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What's the timetable on this? I haven't heard anything about it in a while.

 

Any possibility they'd show TV blocks (Worldwide, Pro, Saturday Night, etc) in chronological order, then air the big show they are building to? I know, it's not going to happen, but it would be nice.

 

I just hope they don't start from the beginning with the TBS and Monday Night Wars stuff they've already shown on the on-demand version of 24/7.

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This was in the most recent Observer:

 

Regarding the creation of a TV network, which was pegged at 12 to 18 months from fruition, it was noted the company spent $4 million last year to digitize about 27,000 hours worth of their library, and has earmarked $5 million this year to continue the process. They also talked it could be creating a network, or it could be hybrid of using a number of different platforms.

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Here's some notes from the Torch site from the WWE's CFO talking about the channel at a conference:

 

"Barrios discussed throughout the 35-minute presentation the importance of WWE's forthcoming TV Network, which he described as a "potential game-changer" for WWE. Barrios said the current plan is to roll out a formal TV Network in some form within the next 12-18 months after the groundwork is taken care of internally.

 

Barrios said one aspect is ready - digitizing their video library - which they are calling "Project Evergreen." Barrios noted WWE is taking some of their $4-5 million capital expenditure investment to develop new filmed content for the Network. The other aspect is continued discussions with potential TV partners to establish the look & feel of a Network.

 

"I've said publicly if we're successful to the degree I think we can be successful, it's a game-changer for the company," Barrios said at the end of the conference.

 

Barrios noted when WWE first announced plans to roll out a TV Network, the plan was a traditional TV Network model, but massive changes to the media industry have led them to re-think a potential hybrid model. This was covered during WWE's first quarter conference call last month."

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For a company with a subscription based web video service, the lack of support for it on anything other than a Windows PC is baffling. They badly need to rethink that model and start supporting Roku boxes and whatnot. I would say that maybe they need to think outside the box by licensing large blocks of old shows to Netflix, but so much of their content needs to be re-edited to fix music and trademark rights issues that it would take a very long time or only be made up of stuff previously shown on the two Classics services. That is presumably why they've been less productive than they we would like.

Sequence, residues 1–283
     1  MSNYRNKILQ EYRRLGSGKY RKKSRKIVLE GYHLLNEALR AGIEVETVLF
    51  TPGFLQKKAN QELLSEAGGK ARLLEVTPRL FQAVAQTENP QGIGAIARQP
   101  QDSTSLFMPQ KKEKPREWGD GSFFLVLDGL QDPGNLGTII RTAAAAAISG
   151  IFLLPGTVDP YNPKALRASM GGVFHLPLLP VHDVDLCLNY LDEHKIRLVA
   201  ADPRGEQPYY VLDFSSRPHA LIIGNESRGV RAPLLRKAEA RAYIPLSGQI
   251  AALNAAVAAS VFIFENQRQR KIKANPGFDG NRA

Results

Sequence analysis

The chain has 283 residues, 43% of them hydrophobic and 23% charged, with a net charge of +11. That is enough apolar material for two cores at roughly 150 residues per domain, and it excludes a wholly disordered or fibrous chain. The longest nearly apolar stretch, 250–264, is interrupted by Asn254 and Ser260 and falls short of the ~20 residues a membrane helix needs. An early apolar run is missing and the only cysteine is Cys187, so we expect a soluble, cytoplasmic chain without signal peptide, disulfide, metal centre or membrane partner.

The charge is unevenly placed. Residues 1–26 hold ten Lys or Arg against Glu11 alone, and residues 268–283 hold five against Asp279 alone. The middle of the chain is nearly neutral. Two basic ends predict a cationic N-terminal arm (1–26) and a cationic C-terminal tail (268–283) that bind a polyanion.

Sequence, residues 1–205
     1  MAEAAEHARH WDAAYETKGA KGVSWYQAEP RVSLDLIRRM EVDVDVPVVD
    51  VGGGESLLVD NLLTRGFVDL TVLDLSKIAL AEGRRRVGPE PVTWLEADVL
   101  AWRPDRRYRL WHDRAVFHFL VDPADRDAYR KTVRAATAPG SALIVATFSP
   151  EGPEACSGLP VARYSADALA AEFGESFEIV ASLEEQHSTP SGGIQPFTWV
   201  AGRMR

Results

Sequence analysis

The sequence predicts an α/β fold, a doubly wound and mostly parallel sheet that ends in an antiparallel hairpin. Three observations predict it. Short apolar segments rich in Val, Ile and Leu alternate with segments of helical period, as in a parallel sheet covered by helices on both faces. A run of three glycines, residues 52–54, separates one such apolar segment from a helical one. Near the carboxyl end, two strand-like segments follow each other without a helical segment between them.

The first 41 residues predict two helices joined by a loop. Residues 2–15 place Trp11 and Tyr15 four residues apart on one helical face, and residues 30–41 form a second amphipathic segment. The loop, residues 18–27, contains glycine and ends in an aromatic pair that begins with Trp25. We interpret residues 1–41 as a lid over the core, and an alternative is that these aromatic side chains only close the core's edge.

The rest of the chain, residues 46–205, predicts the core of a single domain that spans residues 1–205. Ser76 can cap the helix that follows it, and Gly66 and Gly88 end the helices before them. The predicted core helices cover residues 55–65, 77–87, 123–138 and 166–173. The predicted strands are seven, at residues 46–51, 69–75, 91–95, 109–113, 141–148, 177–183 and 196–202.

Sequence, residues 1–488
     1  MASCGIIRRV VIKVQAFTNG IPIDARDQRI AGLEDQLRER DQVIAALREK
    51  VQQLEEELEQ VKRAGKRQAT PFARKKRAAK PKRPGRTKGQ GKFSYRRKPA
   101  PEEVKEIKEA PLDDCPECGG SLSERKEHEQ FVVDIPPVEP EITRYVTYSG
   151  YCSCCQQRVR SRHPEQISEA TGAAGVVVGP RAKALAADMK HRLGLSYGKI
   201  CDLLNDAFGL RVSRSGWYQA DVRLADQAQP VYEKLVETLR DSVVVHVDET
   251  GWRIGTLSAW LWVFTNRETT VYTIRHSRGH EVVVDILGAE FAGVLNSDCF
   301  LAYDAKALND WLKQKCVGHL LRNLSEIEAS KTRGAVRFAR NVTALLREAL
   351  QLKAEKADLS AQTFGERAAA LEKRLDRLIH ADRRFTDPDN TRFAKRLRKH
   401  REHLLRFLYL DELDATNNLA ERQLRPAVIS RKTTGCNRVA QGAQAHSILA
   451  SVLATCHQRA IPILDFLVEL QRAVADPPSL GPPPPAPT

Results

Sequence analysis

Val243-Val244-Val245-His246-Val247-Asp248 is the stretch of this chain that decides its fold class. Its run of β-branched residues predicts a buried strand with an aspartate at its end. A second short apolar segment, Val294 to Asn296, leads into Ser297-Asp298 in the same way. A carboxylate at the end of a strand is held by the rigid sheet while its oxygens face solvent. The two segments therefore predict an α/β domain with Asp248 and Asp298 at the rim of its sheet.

Of course, they've also edited out music that they owned at times, so who knows what they're thinking...

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For a company with a subscription based web video service, the lack of support for it on anything other than a Windows PC is baffling. They badly need to rethink that model and start supporting Roku boxes and whatnot. I would say that maybe they need to think outside the box by licensing large blocks of old shows to Netflix, but so much of their content needs to be re-edited to fix music and trademark rights issues that it would take a very long time or only be made up of stuff previously shown on the two Classics services. That is presumably why they've been less productive than they we would like.

 

Of course, they've also edited out music that they owned at times, so who knows what they're thinking...

I'm really hoping they decide to at least test this route in the future, putting up, for example, "Superstars 1987 season" and "RAW 1998 season", just like the other TV shows on Netflix.

 

Definitely could be some time, however, considering they just started to really release any WWE content on Netflix's Instant Streaming service in the past few months, and even then they did it very quietly with no hype. Love that most of their documentaries are getting release on here now though.

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Given Vince McMahon's recent statements and the overall direction of the company, I wouldn't hold your breath for any 'classic wrestling' to be shown in any sort of quantity. I've got a feeling one of the major purposes of this channel will be to plug any movie/TV/general entertainment projects the company drifts into.

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This was in the most recent Observer:

 

Regarding the creation of a TV network, which was pegged at 12 to 18 months from fruition, it was noted the company spent $4 million last year to digitize about 27,000 hours worth of their library, and has earmarked $5 million this year to continue the process. They also talked it could be creating a network, or it could be hybrid of using a number of different platforms.

So, 27,000 hours = what percentage of their collection?

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From what I've seen of other channels, my impression is that classic footage doesn't appeal to the masses. ESPN Classic has become an extremely marginalized channel, frequently falling off basic cable packages. The MLB Network had a wealth of classic games its first year but has shown only one classic game in full in the last six months. My gut feeling is that a WWE channel would contain more things like repeats of the John Morrison or John Cena bios. Current programming endlessly replayed.